Follow up with them via direct mail: If you’ve ever moved or been to the DMV recently, you know that mail is a mainstay among our country’s most trusted forms of identity and residency. You can’t even get a library card without it. Enduring mail status literally embeds trust, and it can be a powerful tool for any business that wants to build credibility and legitimacy.

Sending website visitors a postcard, brochure, catalog or other type of mail will help establish that you are a real person with a real business and products/services to offer. Be sure to include an address, phone number, and even a map on the card to build trust.

But how do you get a website visitor’s address? First, ask them! Use well-placed pop-ups and forms that offer something nice in exchange for their information. A free guide, samples, or a small gift card are great offers that require more than just an email to redeem.

Second, develop a direct mail retargeting campaign. Automatically sending a postcard to a website visitor or other prospect who has shown interest is a perfect way to remind them they were interested in the first place and position your business as credible. Look for a good direct mail company to work with who can run your direct mail retargeting campaign entirely on your behalf. Ideally, they should be able to design quality direct mail for you and handle the printing in-house to ensure quality.

Keep in mind, not all direct mail businesses are designed to deliver results to you. However, some companies may even capture the addresses of website visitors using geolocation technology installed on a website. Once a visitor’s address is matched, a postcard is automatically sent to them.

You may have to do some research to find these more high-tech, results-oriented direct mail marketing companies, but it will pay off when your phone starts ringing.

Added review: Positive reviews can easily be added to your website and marketing materials. Most consumers care what real buyers have to say about their experience, so make it easy for them to get your best reviews.

With my business, we don’t shy away from reviews and always encourage small businesses to get as many as possible. Business owners often worry about negative responses, but the key is to get more positive responses than negative ones. This is the ratio you need to focus on, not the only bad review you got 10 years ago from a disgruntled person.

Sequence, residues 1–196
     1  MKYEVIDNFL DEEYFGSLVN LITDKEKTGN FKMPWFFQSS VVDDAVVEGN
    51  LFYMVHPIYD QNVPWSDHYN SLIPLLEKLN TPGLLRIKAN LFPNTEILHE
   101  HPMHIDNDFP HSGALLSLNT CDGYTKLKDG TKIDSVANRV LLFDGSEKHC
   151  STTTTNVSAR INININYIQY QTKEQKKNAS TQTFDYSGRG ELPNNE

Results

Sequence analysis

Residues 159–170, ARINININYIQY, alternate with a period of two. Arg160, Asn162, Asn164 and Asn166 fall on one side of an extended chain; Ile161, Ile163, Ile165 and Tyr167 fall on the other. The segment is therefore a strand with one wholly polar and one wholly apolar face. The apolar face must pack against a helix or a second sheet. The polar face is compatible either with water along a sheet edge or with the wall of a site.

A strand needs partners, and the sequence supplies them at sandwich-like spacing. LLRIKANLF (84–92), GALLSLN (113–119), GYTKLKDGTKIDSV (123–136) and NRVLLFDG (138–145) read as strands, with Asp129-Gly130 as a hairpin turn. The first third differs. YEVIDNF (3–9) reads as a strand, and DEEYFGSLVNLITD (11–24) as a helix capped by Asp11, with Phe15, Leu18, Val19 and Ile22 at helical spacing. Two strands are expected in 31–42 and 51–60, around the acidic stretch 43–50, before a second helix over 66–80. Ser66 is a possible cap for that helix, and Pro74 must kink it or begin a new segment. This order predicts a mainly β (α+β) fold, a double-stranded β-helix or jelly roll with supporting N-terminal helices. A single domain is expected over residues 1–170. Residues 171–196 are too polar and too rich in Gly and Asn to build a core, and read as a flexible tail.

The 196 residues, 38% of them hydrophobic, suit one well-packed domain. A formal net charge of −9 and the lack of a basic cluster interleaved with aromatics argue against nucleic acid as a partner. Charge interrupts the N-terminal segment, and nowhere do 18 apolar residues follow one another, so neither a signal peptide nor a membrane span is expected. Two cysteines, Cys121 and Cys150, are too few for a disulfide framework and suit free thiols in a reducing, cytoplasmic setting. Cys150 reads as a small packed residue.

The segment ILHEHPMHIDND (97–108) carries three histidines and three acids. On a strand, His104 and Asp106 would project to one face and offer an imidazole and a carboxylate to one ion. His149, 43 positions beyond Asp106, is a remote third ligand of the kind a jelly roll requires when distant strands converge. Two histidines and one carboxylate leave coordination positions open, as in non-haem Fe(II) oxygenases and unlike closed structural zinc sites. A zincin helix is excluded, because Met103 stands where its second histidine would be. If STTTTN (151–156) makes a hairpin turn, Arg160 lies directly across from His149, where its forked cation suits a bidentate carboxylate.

Related: How to stop asking “Why isn’t my website converting?” »

3. They needed more time to make a decision

Some consumers are simply harder to influence than others. And according to the latest reports, younger generations like Gen Z are most likely to spend a lot of time scouring competitors and making informed buying decisions. You must therefore launch a fairly aggressive marketing strategy to interest them.

Solve this by:

Take a holistic, multi-channel marketing approach to increase engagement: Coordinate your ads social media, direct mail and email marketing to track website visitors. Focus on setting first-party cookies and serving ads on , and to keep your product in mind.

Including offers in your content — like on a postcard or in a Facebook ad — will encourage them to make a decision and take action.

Keeping your marketing consistent (and never giving up!): In addition to diversifying your marketing channels, you need to stay consistent. Anyone who lands on your website can be turned into salebut it will take time and effort.

By sending visitors monthly or even seasonal postcards, increasing social media impressions, and communicating regularly via email newsletters or other content, you will be able to build genuine relationships with visitors. of the website – and this will turn more and more of them into loyal clients.

Daniel L. Vasquez